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[ak-yer-it] /ˈæk yər ɪt/
free from error or defect; consistent with a standard, rule, or model; precise; exact.
careful or meticulous:
an accurate typist.
Origin of accurate
1605-15; < Latin accūrātus carefully prepared (past participle of accūrāre), equivalent to ac- ac- + cūr(a) care + -ātus -ate1
Related forms
accurately, adverb
accurateness, noun
hyperaccurate, adjective
hyperaccurately, adverb
hyperaccurateness, noun
superaccurate, adjective
superaccurately, adverb
superaccurateness, noun
unaccurate, adjective
unaccurately, adverb
unaccurateness, noun
1. true, unerring. See correct. Unabridged
Based on the Random House Dictionary, © Random House, Inc. 2015.
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Examples from the Web for accurately
Contemporary Examples
Historical Examples
  • He blends the accurately literal and trivial with the immensely poetic.

    Sons and Lovers David Herbert Lawrence
  • There'll be many kinds of animals present if they could only be accurately catalogued.

    The Root of Evil Thomas Dixon
  • How accurately it described his attitude toward Miss Hamilton.

    Poor Relations Compton Mackenzie
  • I shall repeat, then, as accurately as possible, the story he told me.

    The Blue Wall Richard Washburn Child
  • We must accurately distinguish between grace and government.

British Dictionary definitions for accurately


faithfully representing or describing the truth
showing a negligible or permissible deviation from a standard: an accurate ruler
without error; precise; meticulous
  1. (to n significant digits) representing the first n digits of the given number starting with the first nonzero digit, but approximating to the nearest digit in the final position: since π = 3.14159…, the approximation 3.1416 is accurate to 5 significant digits.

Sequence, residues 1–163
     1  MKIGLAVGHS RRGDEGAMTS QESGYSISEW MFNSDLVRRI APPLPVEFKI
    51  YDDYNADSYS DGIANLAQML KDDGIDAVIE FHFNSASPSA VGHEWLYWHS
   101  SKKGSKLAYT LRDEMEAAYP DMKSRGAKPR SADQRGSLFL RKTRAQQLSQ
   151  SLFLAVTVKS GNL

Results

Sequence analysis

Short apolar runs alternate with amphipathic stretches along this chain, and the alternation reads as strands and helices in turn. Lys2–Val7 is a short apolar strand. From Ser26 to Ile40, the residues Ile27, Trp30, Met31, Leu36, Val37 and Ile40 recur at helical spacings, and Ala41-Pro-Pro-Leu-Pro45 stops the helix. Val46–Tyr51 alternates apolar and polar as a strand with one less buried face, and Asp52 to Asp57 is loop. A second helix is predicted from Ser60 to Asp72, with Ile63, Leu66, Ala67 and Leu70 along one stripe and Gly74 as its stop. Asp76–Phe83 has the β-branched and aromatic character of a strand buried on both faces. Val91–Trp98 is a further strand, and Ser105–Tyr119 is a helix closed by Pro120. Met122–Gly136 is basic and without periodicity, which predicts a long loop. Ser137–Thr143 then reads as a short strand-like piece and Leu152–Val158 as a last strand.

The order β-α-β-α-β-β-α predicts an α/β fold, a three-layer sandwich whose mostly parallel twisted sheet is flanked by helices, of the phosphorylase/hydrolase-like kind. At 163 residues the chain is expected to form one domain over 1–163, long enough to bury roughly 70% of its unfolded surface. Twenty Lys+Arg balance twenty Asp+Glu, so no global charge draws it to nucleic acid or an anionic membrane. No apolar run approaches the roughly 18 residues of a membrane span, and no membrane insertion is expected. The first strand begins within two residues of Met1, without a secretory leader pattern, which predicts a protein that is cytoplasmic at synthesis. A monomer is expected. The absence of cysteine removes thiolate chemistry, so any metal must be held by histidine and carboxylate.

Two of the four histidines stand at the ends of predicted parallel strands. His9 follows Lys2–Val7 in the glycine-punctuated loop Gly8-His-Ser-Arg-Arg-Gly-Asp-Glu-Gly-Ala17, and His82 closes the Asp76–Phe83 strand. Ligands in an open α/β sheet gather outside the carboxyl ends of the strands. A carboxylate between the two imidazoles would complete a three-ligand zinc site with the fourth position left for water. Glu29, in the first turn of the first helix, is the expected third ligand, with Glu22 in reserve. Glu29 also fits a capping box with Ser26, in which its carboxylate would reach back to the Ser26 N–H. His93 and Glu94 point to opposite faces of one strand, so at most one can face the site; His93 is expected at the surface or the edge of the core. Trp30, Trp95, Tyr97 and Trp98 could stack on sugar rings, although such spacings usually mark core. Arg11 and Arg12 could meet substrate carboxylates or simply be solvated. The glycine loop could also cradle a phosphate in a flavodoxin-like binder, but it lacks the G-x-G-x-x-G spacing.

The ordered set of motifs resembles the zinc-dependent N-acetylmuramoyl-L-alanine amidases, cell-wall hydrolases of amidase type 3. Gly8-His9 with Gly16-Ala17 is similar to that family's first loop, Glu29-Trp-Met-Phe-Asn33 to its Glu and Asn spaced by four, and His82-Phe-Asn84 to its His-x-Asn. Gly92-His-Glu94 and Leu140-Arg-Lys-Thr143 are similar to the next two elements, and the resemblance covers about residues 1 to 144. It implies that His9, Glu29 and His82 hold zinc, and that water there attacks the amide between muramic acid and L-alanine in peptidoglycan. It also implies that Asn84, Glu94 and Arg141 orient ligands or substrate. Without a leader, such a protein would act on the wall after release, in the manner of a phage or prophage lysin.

2. (to n decimal places) giving the first n digits after the decimal point without further approximation: π = 3.1415 is in this sense accurate to 4 decimal places
Derived Forms
accurately, adverb
accurateness, noun
Word Origin
C16: from Latin accūrātus, past participle of accūrāre to perform with care, from cūra care
Collins English Dictionary - Complete & Unabridged 2012 Digital Edition
© William Collins Sons & Co. Ltd. 1979, 1986 © HarperCollins
Publishers 1998, 2000, 2003, 2005, 2006, 2007, 2009, 2012
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Word Origin and History for accurately



1610s, "done with care," from Latin accuratus "prepared with care, exact, elaborate," past participle of accurare "take care of," from ad- "to" (see ad-) + curare "take care of" (see cure). The notion of doing something carefully led to that of being exact (1650s). Related: Accurately; accurateness.

Online Etymology Dictionary, © 2010 Douglas Harper
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